OMAHA — Trends in college baseball often trickle down from Major League Baseball. More college teams are turning to exaggerated defensive shifts, for instance. Analytics are finding a place. And high socks are back, too.
But there is another trend that perplexes college baseball officials as much as M.L.B.’s: Games that go on, and on, and on. At the College World Series, where the best-of-three final between Oregon State and Arkansas begins Monday night, the Greatest Show on Dirt can stretch as long as the dreariest Yankees-Red Sox marathon.
The 13 games leading up to the championship series averaged 3 hours 30 minutes, a 25-minute increase over where it was at just two years ago. If that average holds, it will be the second-longest in the event’s history, trailing only the record average of 3:38 set in 2009.
Things turned ponderous right from the opener, when North Carolina and Oregon State played the longest nine-inning game, by time, in the tournament’s 72-year history — 4:24. Neither starting pitcher completed the third inning in an eventual 8-6 victory by the Tar Heels which was played in steamy 93-degree heat.
“It’s going to be a long game when you walk people and make errors,” Oregon State Coach Pat Casey said after his team hit four batters, walked three, committed three errors and threw a numbing 187 pitches. Even so, he said, “Four and a half hours is too long to be on the field.”
The next day Arkansas took 3:55 to beat Texas, 11-5. Play screeched to a halt in Arkansas’ eight-run sixth, when Longhorns Coach David Pierce needed six pitchers throwing 62 pitches to record three outs. A nearly three-hour rain delay in the middle of the rally didn’t help.
Then Oregon State took part in another marathon, a 14-5 rout of Washington that lasted 3:53. The game began at 1 p.m. local time and, thanks to a four-and-a-half-hour delay for rain and lightning, ended in a nearly-empty TD Ameritrade Park at 9:30 p.m. Only two of the tournament’s first 13 games finished in less than three hours, and six took at least three and a half.
“If you’re on the field for four and a half hours and it’s 15 innings, sure, I can understand that length,” said Ben Brownlee, the N.C.A.A. assistant director who oversees championships and playing rules. “But when it’s almost four and a half hours for a regular nine-inning game that isn’t all that fluky, then there needs to be something to try to address those issues.”
The ideal length, Brownlee said, is about three hours. Regular-season games averaged 2:59 this season, according to the N.C.A.A. But once it turned to the postseason, many games dragged well beyond that.
N.C.A.A. Tournament Regional and Super Regional games averaged 3:18, continuing a four-year upward trend. And that’s with ESPN, the TV rights holder, shaving 10 seconds off the break times for each half-inning, down from two minutes to 1 minute 50 seconds.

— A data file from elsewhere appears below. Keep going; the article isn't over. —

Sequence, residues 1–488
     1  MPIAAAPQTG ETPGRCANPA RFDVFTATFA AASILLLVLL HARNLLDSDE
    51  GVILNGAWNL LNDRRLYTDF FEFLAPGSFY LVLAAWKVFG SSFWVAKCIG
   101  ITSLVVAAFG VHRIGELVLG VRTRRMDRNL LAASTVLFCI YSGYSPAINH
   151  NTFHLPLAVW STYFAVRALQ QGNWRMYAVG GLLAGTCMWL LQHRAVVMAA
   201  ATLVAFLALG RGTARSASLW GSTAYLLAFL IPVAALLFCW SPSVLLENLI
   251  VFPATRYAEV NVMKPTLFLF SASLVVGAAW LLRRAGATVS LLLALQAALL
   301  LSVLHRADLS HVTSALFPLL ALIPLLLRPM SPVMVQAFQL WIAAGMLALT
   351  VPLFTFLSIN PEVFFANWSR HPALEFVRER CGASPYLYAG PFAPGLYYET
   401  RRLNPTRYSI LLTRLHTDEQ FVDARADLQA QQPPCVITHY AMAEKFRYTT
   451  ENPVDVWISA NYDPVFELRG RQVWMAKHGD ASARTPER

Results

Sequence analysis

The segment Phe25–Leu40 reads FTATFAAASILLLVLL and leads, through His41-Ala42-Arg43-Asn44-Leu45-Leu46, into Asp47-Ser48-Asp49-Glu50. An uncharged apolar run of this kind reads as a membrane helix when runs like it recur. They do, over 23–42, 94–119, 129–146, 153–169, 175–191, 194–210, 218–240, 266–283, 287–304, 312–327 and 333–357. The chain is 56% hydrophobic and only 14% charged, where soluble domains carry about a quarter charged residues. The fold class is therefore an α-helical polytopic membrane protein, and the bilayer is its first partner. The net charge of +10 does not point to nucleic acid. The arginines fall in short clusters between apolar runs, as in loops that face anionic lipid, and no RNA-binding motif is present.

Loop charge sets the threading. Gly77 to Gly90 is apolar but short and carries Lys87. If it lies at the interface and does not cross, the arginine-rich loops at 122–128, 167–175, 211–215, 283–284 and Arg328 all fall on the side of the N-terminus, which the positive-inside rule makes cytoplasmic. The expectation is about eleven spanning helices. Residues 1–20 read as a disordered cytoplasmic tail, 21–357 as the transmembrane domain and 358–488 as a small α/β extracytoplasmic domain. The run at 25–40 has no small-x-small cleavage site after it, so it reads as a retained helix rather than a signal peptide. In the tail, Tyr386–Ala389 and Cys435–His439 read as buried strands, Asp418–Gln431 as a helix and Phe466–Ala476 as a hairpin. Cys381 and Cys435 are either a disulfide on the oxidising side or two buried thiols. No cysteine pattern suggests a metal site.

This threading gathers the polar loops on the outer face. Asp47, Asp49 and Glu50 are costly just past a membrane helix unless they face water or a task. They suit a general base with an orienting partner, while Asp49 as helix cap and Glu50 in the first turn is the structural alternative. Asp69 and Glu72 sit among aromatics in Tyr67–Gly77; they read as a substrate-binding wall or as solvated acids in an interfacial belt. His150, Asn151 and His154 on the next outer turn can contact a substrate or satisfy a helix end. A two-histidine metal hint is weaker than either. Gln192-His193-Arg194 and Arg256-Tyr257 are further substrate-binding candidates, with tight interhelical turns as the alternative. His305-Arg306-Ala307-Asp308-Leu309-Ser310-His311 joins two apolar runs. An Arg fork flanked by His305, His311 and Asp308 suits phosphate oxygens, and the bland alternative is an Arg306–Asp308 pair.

Two years ago N.C.A.A. officials were encouraged when College World Series games averaged a manageable 3:05, the swiftest in four years, but it didn’t last. Last year’s tournament games took 3:15.
“I think that’s our trouble spot right now,” said Craig Keilitz, executive director of the American Baseball Coaches Association. “I think we need to improve in that area, and I think everyone understands that — student-athletes, coaches, and certainly our fans.”
Some of the issues are similar to M.L.B.’s: Pitchers who work too slowly; multiple pitching changes per inning; and too many meetings on the mound, with coaches walking out leisurely to conduct them. Strikeouts are increasing, too. Last season, teams averaged 7.54 strikeouts per nine innings, the highest since the N.C.A.A. began keeping track in 1970. The N.C.A.A. approved only limited video replay review in 2017 because it feared lengthening games, Brownlee said.
But there is another factor unique to college baseball that slows it down: coaches signaling in pitches from the bench. Princeton, coached by the former major-league catcher Scott Bradley, and Minnesota are among the few teams that permit catchers to call a game. With some teams, it’s a threefold process: The pitching coach in the dugout flashes signs to the catcher, who refers to a chart strapped to his wrist, then signals to the pitcher.
“I just think coaches are a little bit too involved,” said the former South Carolina coach Ray Tanner, who is now the school’s athletic director and chairman of the N.C.A.A. Division I Baseball Committee. “It’s probably unfair to the pitching side of it, but I think it slowed the game down a lot.”
Coaches are not interested in relinquishing that control, so solutions will have to come from elsewhere. Keilitz said the coaches’ association will survey Division I coaches this month for suggestions. Changes could come in time for the 2019 season.
The Big 12 Conference experimented with a 15-second countdown clock between pitches with no one on base this season and saw a 13-minute reduction in average game times, to 3:04 from 3:17, Brownlee said. Current N.C.A.A. rules allow 20 seconds between pitches with no one on; there is no time limit with runners on base.
Also this season the Southeastern and Atlantic Coast Conferences permitted pitching coaches to talk to catchers via earpieces, though Brownlee is not certain it sped up play; expanded video replay review in those conferences may have canceled out gains. Automatic intentional walks and limiting mound visits, changes already implemented by M.L.B., may also be considered.
“We don’t want to take out the purity of the game, a little cat-and-mouse that goes on between managers or the guy in the bullpen or the guy on deck,” Tanner said. “We’ve got to leave that part in the game. But we’ve got to keep playing. We’ve got to keep the game moving.”